Along with the “Federal employment work” feature came two others related to work done by government: another Department of Labor feature, titled “Conciliation work of the Department of Labor,” first appearing together with the former in the July 1915 issue; and a piece on state and local departments of labor, initially titled “Work of state and municipal public employment bureaus” in the January 1916 issue, shortened to “State and municipal public employment bureaus” in February 1916, rebranded “Work of state and municipal employment bureaus” in March 1916, and expanded to “Work of state and municipal employment bureaus in the United States and of provincial employment bureaus in Canada” in October 1916. The “Conciliation” feature appeared monthly beginning in October 1915 and was a summary and listing of disputes mediated by the Department of Labor and of the results that ensued. As quoted in the July 1915 issue of the Review, Section 8 of the act of 1913 that created the Department of Labor declared, “That the Secretary of Labor shall have power to act as mediator and to appoint commissioners of conciliation in labor disputes whenever in his judgment the interests of industrial peace may require it to be done.” In reporting on the exercise of this power, the Review described the strikes and lockouts that took place over a given period and recorded their number; the number of workers affected, both directly and indirectly; and whether mediation by the Department was accepted and, if so, what the result was—from “do,” meaning “still ongoing”; to “strike averted”; to “amicable adjustment”; to “unable to adjust”; and more.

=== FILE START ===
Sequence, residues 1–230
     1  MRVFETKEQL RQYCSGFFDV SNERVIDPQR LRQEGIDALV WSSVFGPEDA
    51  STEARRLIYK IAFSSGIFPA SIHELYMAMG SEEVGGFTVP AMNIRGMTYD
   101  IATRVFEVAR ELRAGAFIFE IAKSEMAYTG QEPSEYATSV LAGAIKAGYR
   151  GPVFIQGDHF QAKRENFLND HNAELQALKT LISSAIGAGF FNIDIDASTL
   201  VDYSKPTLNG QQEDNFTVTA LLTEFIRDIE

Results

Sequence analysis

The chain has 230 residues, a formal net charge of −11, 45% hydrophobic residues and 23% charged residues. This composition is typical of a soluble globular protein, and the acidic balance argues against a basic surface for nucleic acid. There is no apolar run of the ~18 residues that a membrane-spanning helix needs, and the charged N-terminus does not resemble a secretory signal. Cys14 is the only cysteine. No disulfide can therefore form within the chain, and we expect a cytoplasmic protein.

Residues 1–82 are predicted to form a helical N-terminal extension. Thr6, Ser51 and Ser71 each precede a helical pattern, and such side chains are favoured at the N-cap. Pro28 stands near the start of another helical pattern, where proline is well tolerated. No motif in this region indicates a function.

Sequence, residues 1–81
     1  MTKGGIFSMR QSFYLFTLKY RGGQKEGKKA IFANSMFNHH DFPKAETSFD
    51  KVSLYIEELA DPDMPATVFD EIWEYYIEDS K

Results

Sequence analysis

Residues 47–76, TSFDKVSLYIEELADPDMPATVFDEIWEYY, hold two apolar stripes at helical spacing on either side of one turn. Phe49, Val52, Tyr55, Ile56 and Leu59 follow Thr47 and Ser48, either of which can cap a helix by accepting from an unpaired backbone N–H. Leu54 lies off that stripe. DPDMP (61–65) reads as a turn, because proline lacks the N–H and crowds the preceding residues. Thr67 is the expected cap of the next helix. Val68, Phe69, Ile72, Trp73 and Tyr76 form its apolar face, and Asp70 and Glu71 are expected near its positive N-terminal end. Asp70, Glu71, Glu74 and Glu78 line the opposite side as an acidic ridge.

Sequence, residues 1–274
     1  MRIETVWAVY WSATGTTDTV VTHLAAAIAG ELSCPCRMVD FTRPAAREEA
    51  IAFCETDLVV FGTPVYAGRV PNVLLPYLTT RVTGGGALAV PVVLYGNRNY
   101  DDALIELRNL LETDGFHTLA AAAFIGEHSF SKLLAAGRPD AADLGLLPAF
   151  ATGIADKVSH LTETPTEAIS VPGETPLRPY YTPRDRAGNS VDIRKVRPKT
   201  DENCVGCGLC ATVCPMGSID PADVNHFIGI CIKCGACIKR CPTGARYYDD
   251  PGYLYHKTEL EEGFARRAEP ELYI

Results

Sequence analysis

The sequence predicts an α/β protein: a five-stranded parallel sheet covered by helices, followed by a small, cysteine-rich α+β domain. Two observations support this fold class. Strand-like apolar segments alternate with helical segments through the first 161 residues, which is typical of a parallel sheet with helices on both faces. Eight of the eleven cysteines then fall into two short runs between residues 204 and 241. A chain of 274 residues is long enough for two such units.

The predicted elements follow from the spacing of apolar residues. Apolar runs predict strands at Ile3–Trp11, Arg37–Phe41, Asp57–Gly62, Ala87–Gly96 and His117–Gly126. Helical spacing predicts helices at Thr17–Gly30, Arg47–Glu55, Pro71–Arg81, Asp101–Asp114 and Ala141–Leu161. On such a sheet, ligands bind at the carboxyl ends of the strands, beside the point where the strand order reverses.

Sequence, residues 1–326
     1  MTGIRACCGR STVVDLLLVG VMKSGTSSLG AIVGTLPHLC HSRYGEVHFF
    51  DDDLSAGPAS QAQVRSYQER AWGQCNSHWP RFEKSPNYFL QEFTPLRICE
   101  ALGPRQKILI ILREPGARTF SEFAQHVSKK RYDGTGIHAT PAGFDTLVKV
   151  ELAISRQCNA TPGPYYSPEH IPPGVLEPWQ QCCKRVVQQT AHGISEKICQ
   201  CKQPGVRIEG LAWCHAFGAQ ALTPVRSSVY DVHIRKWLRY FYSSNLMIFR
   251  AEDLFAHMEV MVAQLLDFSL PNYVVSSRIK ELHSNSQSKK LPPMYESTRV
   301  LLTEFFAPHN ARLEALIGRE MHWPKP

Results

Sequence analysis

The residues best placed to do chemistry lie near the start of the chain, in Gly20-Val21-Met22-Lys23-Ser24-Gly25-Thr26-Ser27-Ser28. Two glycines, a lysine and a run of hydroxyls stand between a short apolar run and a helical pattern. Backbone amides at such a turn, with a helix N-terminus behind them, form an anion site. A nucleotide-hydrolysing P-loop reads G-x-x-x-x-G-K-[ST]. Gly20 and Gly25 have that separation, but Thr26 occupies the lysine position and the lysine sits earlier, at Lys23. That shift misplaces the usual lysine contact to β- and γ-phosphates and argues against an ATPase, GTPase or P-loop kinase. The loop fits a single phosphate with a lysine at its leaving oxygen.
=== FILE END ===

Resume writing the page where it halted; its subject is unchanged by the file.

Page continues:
The “State and municipal employment” feature, whatever its changing title, was states’ and localities’ attempt to capture employment statistics similar to those captured by the “Federal employment work” feature but extending to more than just immigrants. Statistics listed were the number of (1) applications from employers seeking workers, (2) workers sought, (3) people applying for work, (4) people referred for a job, and (5) positions filled. These statistics were reported initially only for U.S. cities but, later, through provincial employment bureaus in Montreal and Quebec City, also for cities in Canada. In July 1917, without citing any reason, the Review stopped publishing the “Federal employment work” feature, and the other two features lapsed in October 1917.